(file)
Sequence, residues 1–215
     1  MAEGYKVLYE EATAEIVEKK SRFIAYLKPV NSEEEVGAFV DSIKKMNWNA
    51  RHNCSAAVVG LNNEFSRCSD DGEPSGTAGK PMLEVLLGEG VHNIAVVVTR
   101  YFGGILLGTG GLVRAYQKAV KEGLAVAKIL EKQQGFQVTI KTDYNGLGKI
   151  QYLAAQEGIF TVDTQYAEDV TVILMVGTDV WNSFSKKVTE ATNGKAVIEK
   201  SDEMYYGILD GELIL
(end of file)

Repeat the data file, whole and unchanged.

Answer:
Sequence, residues 1–215
     1  MAEGYKVLYE EATAEIVEKK SRFIAYLKPV NSEEEVGAFV DSIKKMNWNA
    51  RHNCSAAVVG LNNEFSRCSD DGEPSGTAGK PMLEVLLGEG VHNIAVVVTR
   101  YFGGILLGTG GLVRAYQKAV KEGLAVAKIL EKQQGFQVTI KTDYNGLGKI
   151  QYLAAQEGIF TVDTQYAEDV TVILMVGTDV WNSFSKKVTE ATNGKAVIEK
   201  SDEMYYGILD GELIL